In two additions, add the dry ingredients, mixing on low speed for 15 seconds after each, or until just combined.  Scrape the bottom of the bowl to incorporate any dry ingredients that have settled there.  Add the creme fraiche and banana and mix on low speed for 30 seconds.  Transfer the batter to a covered container and refrigerate overnight, or up to 36 hours.

To bake the muffins, preheat the oven to 425ºF.  Spray a loaf pan with nonstick spray or line a muffin pan with muffin papers and spray with nonstick spray.  Spoon the batter into the pan and sprinkle struesel on top.  Place the pan into the oven, lower the oven temperature to 325ºF, and bake for 40-45 minutes (24-27 minutes for muffins), or until the muffins are golden brown and a skewer inserted in the center comes out clean.  Set the pan on a cooling rack and cool completely.

Source: The Bouchon Bakery

June 18, 2017

Balsamic Chicken Wings

Yay!  Summer time is officially here this week.  Summer is my favorite season -- it always feels more relaxed and carefree.  I love being outside during the summer, whether it's hanging by the water (which is more difficult to do in Colorado), being in the park, or eating on a patio.  Today's recipe would be great for any potluck.

Chicken wings are marinated in a combination of balsamic vinegar, honey, brown sugar, and soy sauce with garlic and rosemary.  The chicken then gets baked, and while it's baking, you cook the remaining marinade (bring it to a boil to kill any bacteria).  After the chicken is done, you brush it with the marinade and garnish with sesame seeds and parsley.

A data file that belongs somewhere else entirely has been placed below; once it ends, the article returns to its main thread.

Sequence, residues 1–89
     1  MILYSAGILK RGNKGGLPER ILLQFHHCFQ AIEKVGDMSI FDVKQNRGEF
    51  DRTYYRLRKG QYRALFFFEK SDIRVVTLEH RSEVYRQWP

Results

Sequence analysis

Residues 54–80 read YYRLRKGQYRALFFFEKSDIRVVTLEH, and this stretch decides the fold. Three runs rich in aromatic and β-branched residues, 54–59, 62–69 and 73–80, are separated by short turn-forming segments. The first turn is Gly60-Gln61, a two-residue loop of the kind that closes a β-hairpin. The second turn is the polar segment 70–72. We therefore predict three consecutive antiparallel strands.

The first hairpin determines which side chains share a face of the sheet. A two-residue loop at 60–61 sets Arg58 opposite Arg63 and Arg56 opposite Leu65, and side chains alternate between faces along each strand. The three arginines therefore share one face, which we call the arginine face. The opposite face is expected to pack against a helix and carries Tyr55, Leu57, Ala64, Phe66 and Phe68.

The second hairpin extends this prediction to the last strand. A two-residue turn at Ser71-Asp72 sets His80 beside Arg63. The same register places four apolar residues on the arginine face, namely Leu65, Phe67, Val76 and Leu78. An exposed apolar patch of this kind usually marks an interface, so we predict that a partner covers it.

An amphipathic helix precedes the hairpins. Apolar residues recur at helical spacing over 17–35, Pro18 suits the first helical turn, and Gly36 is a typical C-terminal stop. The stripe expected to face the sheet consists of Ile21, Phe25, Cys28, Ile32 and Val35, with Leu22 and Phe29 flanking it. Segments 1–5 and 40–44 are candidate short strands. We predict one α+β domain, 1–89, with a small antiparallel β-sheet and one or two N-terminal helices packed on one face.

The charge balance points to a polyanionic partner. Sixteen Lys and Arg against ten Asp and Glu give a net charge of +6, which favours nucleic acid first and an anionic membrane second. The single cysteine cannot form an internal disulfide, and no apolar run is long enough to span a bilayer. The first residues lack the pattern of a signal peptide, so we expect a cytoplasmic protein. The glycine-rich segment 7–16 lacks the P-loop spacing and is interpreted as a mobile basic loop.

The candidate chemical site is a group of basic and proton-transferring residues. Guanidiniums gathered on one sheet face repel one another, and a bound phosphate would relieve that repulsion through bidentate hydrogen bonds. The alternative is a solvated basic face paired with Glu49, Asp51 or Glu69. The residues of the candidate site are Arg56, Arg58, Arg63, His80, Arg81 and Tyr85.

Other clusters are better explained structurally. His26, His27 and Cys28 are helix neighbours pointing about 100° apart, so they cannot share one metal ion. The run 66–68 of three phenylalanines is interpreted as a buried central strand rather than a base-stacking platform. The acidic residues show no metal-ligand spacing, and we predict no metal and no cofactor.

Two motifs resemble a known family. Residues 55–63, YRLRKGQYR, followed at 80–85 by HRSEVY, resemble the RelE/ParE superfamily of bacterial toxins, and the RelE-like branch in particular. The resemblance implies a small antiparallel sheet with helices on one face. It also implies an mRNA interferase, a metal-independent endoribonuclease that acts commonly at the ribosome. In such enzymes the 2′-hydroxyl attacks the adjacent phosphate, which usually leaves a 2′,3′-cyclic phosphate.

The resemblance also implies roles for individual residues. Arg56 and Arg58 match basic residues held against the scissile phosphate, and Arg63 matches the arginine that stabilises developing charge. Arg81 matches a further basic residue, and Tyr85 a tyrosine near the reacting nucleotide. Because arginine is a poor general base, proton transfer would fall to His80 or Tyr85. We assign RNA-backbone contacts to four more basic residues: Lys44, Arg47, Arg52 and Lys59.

These were not overly sweet wings, despite the honey and brown sugar--the balsamic vinegar and soy sauce help cut the sweetness, which I appreciated.  :)  The chicken was crispy on the outside and tender on the inside - the sign of a good chicken wing, right?

These are a little sticky to eat, so make sure plenty of napkins are on hand.

Balsamic Chicken Wings
Yields about 5 servings

1/2 cup balsamic vinegar
1/2 cup honey
1/2 cup light brown sugar
1/4 cup soy sauce
5 sprigs of rosemary
5 garlic cloves, minced
1 lb. chicken wings (about 10-12)
2 tbsp. sesame seeds
1/4 cup chopped fresh parsley

In a large re-sealable plastic bag, add the balsamic vinegar, honey, brown sugar, soy sauce, rosemary sprigs, and minced garlic.  Seal the bag, and shake and squeeze the contents to dissolve the honey and brown sugar.  Then, add the chicken drumsticks to the bag and seal with as little air as possible.  Place in the refrigerator and marinate for at least 4 hours later.

Preheat the oven to 450ºF.  Line a baking sheet with foil, and place the chicken on the baking sheet.  Bake for about 30 to 35 minutes or until the skin begins to caramelize.  While the chicken cooks, place the marinade into a wall saucepan.  Bring the marinade to a boil, and then reduce the heat to simmer and cook over low heat until thickened, about 15 minutes.